#PlasticInMammals research – Looking at the ingestion of plastic by our UK small mammal populations

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By Emily Thrift, MSci graduate

So why are we interested in terrestrial systems?

Emily Thrift stands wearing white gloves holding a hedgehog while collecting samples in Peterborough
Emily Thrift holding a hedgehog while collecting samples in Peterborough (Emily Thrift)

During the past decades there has been growing concern about the ecological impacts of plastic waste, however, this has not ceased plastic production. In 2019 alone, global production reached a staggering 370 MT, with Europe being responsible for almost 57.9 MT. Our understanding of how microplastic (<1mm) and mesoplastic (1 - <10mm) pollution in aquatic systems has been extensively researched in recent years, however, the same cannot be said for their terrestrial counterparts. In 2016, it is estimated that between 19-23 MT (11%) of global plastic waste entered the oceans leaving 89% on land. Although most of this waste is buried in landfill, incinerated or recycled, significant amounts are mismanaged. Within the UK this does not just mean in urban locations that have rubbish but also rural ones often in agricultural areas due to silage film, or other plastics used. Furthermore, sewage sludge is a concern. In 2016, over 80% of the 1.79 billion MT of sewage sludge produced in the EU was sprayed onto agricultural land, and this contained an estimated 63,000- 430,000 tonnes of microplastics. Recently, the UK has started importing sewage sludge from other European countries to spray.

A bank vole caught at the University of Sussex being held in a hand with tools in the background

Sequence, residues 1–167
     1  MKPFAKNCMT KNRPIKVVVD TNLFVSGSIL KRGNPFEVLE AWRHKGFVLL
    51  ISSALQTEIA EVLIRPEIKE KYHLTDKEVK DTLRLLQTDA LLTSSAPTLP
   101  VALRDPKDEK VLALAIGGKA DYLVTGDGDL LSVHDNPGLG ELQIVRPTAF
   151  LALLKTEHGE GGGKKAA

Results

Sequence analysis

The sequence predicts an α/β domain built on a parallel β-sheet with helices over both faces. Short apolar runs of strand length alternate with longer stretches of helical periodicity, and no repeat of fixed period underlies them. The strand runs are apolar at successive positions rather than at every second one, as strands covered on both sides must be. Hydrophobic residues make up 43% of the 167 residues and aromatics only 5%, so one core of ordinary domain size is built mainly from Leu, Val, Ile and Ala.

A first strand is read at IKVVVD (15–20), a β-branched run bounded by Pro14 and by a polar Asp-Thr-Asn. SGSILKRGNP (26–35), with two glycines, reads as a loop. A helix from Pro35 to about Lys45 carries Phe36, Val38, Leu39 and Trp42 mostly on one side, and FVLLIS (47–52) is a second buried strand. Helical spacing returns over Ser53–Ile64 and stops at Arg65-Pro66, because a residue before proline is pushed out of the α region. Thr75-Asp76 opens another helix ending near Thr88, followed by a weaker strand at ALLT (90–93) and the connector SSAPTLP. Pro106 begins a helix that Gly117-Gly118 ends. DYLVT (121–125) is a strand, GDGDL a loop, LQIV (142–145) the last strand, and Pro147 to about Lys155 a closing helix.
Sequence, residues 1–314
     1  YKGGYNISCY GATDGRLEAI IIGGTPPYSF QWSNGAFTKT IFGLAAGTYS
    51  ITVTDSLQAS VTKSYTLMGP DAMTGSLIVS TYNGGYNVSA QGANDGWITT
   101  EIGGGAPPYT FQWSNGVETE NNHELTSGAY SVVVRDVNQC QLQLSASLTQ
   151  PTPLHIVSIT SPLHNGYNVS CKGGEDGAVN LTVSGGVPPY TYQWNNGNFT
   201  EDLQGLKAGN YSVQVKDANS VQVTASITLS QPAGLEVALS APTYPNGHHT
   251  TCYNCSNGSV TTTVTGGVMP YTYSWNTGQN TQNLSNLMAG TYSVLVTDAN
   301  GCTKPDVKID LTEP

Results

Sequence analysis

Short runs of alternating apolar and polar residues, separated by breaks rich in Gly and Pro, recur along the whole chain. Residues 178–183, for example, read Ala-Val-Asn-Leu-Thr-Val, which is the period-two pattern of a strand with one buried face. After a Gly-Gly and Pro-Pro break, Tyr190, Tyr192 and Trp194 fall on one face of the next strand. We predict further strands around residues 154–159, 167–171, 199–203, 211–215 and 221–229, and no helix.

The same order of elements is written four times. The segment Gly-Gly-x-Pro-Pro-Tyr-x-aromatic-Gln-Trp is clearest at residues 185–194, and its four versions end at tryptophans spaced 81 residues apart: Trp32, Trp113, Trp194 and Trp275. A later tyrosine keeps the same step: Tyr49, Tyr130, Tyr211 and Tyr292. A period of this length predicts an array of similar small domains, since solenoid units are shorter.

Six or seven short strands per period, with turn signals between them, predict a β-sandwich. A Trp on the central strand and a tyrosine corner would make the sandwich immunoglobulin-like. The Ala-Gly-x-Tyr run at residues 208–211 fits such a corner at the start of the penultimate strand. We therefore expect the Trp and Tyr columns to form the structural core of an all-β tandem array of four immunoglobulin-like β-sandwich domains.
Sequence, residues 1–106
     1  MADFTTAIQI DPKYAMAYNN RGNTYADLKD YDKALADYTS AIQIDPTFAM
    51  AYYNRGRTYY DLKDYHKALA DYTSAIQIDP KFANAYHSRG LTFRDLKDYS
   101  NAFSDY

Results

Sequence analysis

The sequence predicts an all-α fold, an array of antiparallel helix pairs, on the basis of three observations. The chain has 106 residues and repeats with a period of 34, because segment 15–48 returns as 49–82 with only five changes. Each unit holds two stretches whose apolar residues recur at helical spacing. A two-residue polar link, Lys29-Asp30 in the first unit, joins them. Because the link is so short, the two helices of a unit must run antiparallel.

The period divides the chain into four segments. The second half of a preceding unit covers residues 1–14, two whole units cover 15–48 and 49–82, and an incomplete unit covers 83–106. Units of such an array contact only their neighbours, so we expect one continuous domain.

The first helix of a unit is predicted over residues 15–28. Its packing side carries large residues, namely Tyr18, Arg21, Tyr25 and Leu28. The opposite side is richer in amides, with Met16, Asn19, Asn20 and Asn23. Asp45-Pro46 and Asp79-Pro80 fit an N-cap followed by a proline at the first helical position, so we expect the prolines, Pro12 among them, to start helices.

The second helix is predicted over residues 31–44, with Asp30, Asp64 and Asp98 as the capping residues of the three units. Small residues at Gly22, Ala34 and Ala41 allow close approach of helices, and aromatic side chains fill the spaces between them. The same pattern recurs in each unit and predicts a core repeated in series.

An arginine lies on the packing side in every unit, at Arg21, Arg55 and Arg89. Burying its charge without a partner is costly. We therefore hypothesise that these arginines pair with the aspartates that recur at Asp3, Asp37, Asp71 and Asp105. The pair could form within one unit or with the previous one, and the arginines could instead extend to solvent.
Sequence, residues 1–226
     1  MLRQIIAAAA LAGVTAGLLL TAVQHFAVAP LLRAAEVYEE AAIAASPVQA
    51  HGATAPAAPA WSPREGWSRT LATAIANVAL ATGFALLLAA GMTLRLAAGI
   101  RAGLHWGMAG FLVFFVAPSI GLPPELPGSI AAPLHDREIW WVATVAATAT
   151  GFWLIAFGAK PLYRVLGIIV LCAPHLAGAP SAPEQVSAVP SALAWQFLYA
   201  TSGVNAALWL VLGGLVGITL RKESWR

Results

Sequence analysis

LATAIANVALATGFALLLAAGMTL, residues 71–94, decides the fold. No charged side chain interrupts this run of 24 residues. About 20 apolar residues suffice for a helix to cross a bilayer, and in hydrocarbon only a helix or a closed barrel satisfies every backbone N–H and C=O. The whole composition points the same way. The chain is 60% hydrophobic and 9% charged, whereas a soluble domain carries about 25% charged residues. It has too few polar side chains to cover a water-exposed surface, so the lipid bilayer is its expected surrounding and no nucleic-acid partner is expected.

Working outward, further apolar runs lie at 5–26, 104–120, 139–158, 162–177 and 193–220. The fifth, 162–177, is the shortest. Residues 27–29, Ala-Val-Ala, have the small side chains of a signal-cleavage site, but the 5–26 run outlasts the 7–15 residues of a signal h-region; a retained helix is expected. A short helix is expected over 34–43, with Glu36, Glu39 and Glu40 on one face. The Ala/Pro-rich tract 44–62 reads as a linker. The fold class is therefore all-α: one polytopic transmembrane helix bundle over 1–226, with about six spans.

A bank vole caught at the University of Sussex (Emily Thrift)

Why small mammals?

Image of a hedgehog footprint tunnel at the base of a red brick wall surrounded by leaves with a green bush to the right
A hedgehog footprint tunnel in Brighton (Emily Thrift)

Of the studies carried out in terrestrial systems a recent study by Carlin and colleagues was able to show that terrestrial raptors had higher quantities of plastic in their guts when comparing with raptors that hunted in marine environments. Although terrestrial hunting raptors consume a mix of prey, large amounts of it are often formed of small mammals. This along with other studies that found earthworms contained microplastics and the impact of plastic on the organs of laboratory mice, led to us wondering about the scale of exposure of small UK terrestrial mammals and its impacts on their health. For this research seven species: hedgehog, bank vole, field vole, wood mouse, pygmy shrew, brown rat and rabbit were studied to cover the three feeding guilds (herbivorous, insectivorous and omnivorous). The samples were collected by a variety of means, by the researchers and citizen scientists that were spread across the UK, in both rural and urban locations.

Our findings